Alone in the Dark (2005) / Action-Horror

MPAA Rated: R for violence, gore, sensuality and language
Running Time: 97 min.

Cast: Christian Slater, Tara Reid, Stephen Dorff, Frank C. Turner, Mathew Walker, Mark Acheson, Darren Shahlavi, Karin Konoval
Director: Uwe Boll
Screenplay: Elan Mastai, Michael Roesch, Peter Sheerer
Review published February 1, 2005

If you have a video game franchise, and you really want to make a crappy film out of it, I suppose you couldn't find anyone who could take it to the depths of crapitude that director Uwe Boll has managed to do. After 2003's fiasco, House of the Dead, you'd think he wouldn't be allowed to sink another one, but now less than two years later, here he is again, making us all learn the true meaning of horror -- an Uwe Boll movie!

The plot, which is far more convoluted than a dumb action flick should ever be, starts off with an endlessly scrolling commentary about centuries-old Native Americans who unwittingly opened a gate between some world of light and one of darkness, letting loose evils and such. The movie starts off in the world of today, where a scientist named Hudgens (Mathews) has been in the search for ancient artifacts related to the mystical gate, while a paranormal investigator named Edward Carnby (Slater, Windtalkers) is also in the hunt, looking into the mysterious disappearance of 20 orphans and its meaning to the artifacts, one of which he possesses. Also in the mix, a government agency known as Bureau 713 is preparing for war against whatever supernatural baddies happen to be roaming the Earth, including humans who have been taken over by parasites that control their will.

I can't vouch for the accuracy of the plot synopsis above, mostly because the film does such a poor job of being cohesive enough to follow.  Since the film is a mess, the acting sub par, and the direction downright abominable, the only thing one can do to stay awake is to either laugh at just how bad the dialogue is, or to play a time-honored game called, "Spot the Rip-offs".  In this game, one sees how many films are plagiarized throughout the course of the film, and if you're a gamer, Alone in the Dark is like choosing "Easy Mode" in the videogame of the same name. 

From the scrolling prologue, you might recall a similar opening to Blade Runner, which also featured an investigator in a trench coat, hunting down humans who aren't quite human, and who are hard as hell to kill.  Also, there is a question as to whether or not the protagonist is one of "them", or one of "us".  But wait!  Perhaps the trench coat is a rip-off of the Connor MacLeod character from Highlander, which also features humans who are virtually immortal, and the only way to kill them is to sever a key part of their body.  These creatures are also all drawn to a certain location, i.e. a "Gathering".  But, gee -- those creatures sure to look an awful lot like the creatures from the Alien movies, with their long tails, sharp teeth and nasty disposition.  If you're going to battle these things, perhaps it's best to send in a hardcore military unit to take them down, and make sure they look and act like the Marines in Aliens, too.  Gosh, with all of these elements from movies that kick so much ass, it's baffling just how they manage to botch it up until none of it is exciting or terrifying.  Yes, you will laugh at it, laugh hard, and laugh long -- if only to keep from crying at how much you paid to see it.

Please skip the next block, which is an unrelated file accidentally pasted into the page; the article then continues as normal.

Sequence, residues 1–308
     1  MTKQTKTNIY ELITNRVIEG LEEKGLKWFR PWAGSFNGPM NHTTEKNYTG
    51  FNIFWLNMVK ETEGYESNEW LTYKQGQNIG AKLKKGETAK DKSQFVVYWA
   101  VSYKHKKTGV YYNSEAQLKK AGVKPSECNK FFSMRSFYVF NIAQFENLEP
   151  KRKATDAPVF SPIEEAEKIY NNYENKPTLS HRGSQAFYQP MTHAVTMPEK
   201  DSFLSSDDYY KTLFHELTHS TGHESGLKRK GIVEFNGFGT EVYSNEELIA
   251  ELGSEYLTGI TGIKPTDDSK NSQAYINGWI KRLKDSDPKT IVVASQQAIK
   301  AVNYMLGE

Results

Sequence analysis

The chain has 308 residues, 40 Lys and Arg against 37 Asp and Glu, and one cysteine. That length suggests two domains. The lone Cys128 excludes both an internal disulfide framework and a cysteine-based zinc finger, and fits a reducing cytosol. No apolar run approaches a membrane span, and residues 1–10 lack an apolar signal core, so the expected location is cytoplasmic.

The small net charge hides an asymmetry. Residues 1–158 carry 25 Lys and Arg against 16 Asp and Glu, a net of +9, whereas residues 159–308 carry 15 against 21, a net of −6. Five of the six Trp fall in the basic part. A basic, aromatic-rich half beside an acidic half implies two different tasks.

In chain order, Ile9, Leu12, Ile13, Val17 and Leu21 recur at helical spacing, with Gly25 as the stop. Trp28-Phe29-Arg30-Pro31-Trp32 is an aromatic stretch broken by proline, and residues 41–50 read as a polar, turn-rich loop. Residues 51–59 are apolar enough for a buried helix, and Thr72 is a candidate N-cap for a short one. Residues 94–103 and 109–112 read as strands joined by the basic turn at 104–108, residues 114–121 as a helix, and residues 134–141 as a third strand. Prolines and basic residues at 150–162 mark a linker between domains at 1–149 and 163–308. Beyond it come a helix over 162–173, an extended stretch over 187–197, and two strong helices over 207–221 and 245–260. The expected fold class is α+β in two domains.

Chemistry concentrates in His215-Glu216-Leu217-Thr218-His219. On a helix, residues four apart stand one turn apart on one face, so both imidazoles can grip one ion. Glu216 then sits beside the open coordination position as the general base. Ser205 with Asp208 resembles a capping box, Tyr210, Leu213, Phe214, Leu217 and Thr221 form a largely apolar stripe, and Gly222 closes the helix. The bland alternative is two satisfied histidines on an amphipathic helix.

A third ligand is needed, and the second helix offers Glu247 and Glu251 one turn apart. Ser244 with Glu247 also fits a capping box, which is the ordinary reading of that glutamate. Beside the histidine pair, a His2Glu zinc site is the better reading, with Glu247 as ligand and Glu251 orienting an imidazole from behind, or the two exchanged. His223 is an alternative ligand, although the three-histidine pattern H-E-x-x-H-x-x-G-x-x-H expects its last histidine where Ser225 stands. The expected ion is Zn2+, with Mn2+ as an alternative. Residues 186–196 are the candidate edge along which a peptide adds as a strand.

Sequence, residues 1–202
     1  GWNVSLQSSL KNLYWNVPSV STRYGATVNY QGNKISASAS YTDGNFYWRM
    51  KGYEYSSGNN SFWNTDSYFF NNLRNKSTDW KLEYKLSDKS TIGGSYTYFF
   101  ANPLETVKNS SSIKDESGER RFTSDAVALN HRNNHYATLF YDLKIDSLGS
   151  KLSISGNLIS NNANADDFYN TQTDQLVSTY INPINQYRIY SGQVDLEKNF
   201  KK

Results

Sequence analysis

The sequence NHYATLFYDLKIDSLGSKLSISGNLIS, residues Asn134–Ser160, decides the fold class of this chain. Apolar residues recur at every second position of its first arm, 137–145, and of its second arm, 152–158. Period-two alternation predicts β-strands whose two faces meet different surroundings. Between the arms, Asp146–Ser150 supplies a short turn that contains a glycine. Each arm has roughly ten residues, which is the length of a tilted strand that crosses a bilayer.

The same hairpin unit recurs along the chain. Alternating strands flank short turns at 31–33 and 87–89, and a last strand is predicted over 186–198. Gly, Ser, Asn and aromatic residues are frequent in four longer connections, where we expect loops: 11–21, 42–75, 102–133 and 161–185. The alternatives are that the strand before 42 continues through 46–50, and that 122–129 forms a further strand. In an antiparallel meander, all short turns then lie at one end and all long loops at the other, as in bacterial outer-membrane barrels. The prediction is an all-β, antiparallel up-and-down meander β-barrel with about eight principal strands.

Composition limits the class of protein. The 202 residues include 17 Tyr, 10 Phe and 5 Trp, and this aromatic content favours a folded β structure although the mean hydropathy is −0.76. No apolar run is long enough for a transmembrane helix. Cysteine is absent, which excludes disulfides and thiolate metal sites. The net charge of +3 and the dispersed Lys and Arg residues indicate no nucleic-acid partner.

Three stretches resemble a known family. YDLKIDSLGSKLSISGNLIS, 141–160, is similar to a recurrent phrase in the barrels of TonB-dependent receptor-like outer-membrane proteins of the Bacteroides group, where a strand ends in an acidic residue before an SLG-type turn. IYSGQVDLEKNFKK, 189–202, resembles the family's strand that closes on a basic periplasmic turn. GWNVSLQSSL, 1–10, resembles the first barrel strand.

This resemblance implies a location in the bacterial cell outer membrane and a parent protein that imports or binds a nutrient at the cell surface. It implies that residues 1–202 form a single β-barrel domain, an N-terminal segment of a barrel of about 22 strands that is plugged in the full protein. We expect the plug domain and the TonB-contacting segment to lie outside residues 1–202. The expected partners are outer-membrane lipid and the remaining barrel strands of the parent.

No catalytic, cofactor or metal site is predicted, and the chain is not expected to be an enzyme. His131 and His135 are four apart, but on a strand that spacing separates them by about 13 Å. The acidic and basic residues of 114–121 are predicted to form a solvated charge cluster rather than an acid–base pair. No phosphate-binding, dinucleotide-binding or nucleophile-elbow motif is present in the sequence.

Alone in the Dark is the worst kind of bad movie there is -- the boring kind.  Action scenes that drag on longer than "Dragonball Z", gratuitous lovemaking scenes, lifeless dialogue that appears to be spit out from androids, and lighting that makes you think the film was shot in a medieval dungeon are just a few of reasons you will have to pinch yourself to stay awake, only to kick yourself all the way home for not giving yourself the pleasure of just falling asleep through most of it. 

Christian Slater performing kung fu.  Tara Reid (My Boss's Daughter) portrays a scientist/curator.  Stephen Dorff (Cold Creek Manor) is the head of a top government agency.  Was there any thought whatsoever into trying to make a good movie here?  Crow and Tom Servo, please save us!

Long before the credits started to roll, I began to question my desire to review movies.  And then I think to myself, just like those TV shows that seek to educate the public about some potential epidemic and the producer claims, "If we can save just one life through this program, it will all have been worth it", I feel a sense of pride.  If you are, for some unfathomable reason, actually contemplating wasting your time or money on this imbecilic abomination of a movie, please, for the love of all that is holy, DON'T!  If I have saved just one of you from all the pain I have endured, and suffering I continue to experience -- the hot flashes, night sweats, nervous tics and fits of depression -- STILL wouldn't be worth it!  It is THAT bad.  And don't even think about taking a date to see it, or you'll start to understand the meaning of the title when she walks out on you in an exasperated huff.

Qwipster's rating:

2005 Vince Leo